How Different Airlines are Managing Fuel Costs Part Two

Alexander is a member of The Motley Fool Blog Network -- entries represent the personal opinion of the blogger and are not formally edited.

One of the primary reasons many investors are skeptical of airline stocks is the volatility of expenses, specifically fuel costs. The industry lost a combined $20 billion in 2008 as a perfect storm of economic recession and record fuel prices pushed airlines into the red. But airlines are determined not to let this happen again and they are taking action to protect their bottom lines.

Algae in the air

For anyone who's ever tried to keep a fish tank clean, algae can be quite an annoyance. However, biofuel and chemicals manufacturer Solazyme (NASDAQ: SZYM) relies on algae as a source of fuel. Literally. While the oils producer has nutrition, chemicals, and health businesses as well, the biofuels component of their company is what is of most interest to fuel slurping airlines.

A little over a year ago, airline giant United Continental (NYSE: UAL) flew a Boeing 737-800 on a 40/60 mixture of Solazyme's Solajet fuel and standard petroleum based gasoline. In the same announcement referring to the Solazyme powered flight, Solazyme announced it had signed a Letter of Intent with United to sell the airline up to 20 million gallons of Solazyme produced biofuel. Solazyme also has inked deals with Qantas Airways for an even larger purchase of Solazyme fuels.

Will Solazyme make the airline industry fossil fuel independent? If it ever does, it won't be anytime soon. Even if United decided to supply every gallon of fuel from Solazyme today, Solazyme would still need time to ramp up production which is expected to happen over the next few years. The Solazyme deal is more long term symbolic than short term profitable. It shows there is a developing viable alternative to fossil fuel derived jet fuel, a fuel that could possibly be used as a way to insulate against fuel price spikes.

Delta goes vertical

A major trend in the airline industry has been horizontal integration through airline to airline mergers. Examples of this include Delta Air Lines' (NYSE: DAL) takeover of Northwest Airlines in 2008, United's acquisition of Continental in 2010, and widespread expectations of a US Airways American Airlines merger on the horizon.

However, Delta's latest move takes it outside of its industry. The carrier rescued an oil refinery in Trainer, Pennsylvania due to be shut down. Delta expects the refinery to save the airline $300 million annually by cutting down on the refining spread. Not a bad deal considering one year of these savings would more than recoup the entire initial investment.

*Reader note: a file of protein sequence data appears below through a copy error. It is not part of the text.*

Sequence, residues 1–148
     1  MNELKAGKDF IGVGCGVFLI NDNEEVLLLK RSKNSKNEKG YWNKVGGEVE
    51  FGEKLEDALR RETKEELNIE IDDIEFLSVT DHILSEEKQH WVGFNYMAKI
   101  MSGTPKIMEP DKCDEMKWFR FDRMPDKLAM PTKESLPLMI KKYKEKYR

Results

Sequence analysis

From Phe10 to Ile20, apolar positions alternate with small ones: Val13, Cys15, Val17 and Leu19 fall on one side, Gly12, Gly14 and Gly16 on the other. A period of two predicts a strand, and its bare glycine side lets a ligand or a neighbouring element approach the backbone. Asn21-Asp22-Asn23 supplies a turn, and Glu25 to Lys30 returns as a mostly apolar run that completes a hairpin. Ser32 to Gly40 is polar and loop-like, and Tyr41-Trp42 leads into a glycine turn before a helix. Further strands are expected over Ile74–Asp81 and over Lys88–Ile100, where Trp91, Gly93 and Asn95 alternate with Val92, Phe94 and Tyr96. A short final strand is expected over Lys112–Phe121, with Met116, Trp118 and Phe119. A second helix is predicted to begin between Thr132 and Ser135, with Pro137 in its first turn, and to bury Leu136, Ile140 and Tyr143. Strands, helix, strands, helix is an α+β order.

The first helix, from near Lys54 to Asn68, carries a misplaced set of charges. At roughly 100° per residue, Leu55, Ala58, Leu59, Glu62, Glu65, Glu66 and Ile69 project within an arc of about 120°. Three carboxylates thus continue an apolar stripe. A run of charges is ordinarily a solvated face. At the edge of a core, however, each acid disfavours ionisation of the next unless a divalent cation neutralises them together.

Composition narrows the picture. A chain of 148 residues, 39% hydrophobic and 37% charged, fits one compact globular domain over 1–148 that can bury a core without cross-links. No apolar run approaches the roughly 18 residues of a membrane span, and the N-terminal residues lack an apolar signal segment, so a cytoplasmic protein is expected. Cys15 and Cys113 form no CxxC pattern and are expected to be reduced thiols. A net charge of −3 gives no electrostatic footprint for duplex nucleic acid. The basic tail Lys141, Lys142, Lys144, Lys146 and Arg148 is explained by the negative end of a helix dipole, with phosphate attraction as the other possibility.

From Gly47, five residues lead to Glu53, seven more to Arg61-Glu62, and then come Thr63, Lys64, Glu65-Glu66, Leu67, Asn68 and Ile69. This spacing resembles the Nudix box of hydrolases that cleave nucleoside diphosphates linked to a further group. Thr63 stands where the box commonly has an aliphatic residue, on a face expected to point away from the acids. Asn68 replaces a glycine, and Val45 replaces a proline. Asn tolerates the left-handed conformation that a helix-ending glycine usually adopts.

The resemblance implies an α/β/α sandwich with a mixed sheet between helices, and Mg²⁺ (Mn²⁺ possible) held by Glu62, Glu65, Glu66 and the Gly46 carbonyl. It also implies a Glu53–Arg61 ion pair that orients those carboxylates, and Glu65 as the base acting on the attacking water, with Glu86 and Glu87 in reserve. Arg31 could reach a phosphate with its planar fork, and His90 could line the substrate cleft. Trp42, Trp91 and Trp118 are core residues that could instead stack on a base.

The story has not been perfect so far, but the latest is due to events beyond Delta's control. As an airline, one has to accept inclement weather as a risk and it can be particularly damaging to the bottom line when it arrives in hurricane form. Hurricane Sandy's effects on the Trainer refinery are projected to cause the refinery to post a $50 million loss for the fourth quarter, but savings are expected for the next quarter as the refinery gets up and running.

The refinery potential could be interesting for long term investors who would best be able to realize the full benefits of the refinery savings. However, the refinery buy only cuts refining costs, not oil prices. Delta will still be forced to live in a world of fluctuating oil prices which Delta tries to level out with a series of jet fuel hedges. All in all, the refinery is more of a fuel price management tool than a permanent solution and investors should not mistake the refinery as an end all to potential fuel woes.

An important cost

Every time you see oil prices go up, you can know somewhere an airline is hurting. All of the current fuel hedges will not fully protect the airlines in the event of a prolonged price spike. But airlines are showing action on tackling this volatile input cost. Whether it be through diversifying the fuel source, or through constant savings at the refinery, we are seeing airlines deal with at least one of the issues that keeps many investors away. So if fuel prices were the only thing keeping you away from the airlines, maybe it's time to look again. As always, risks do remain but the mitigation of those risks is beneficial for shareholders, a benefit that may translate into a broader gain among airlines. 


TulipSpeculator1 owns shares of Delta Air Lines. The Motley Fool owns shares of Solazyme. Try any of our Foolish newsletter services free for 30 days. We Fools may not all hold the same opinions, but we all believe that considering a diverse range of insights makes us better investors. The Motley Fool has a disclosure policy. Is this post wrong? Click here. Think you can do better? Join us and write your own!

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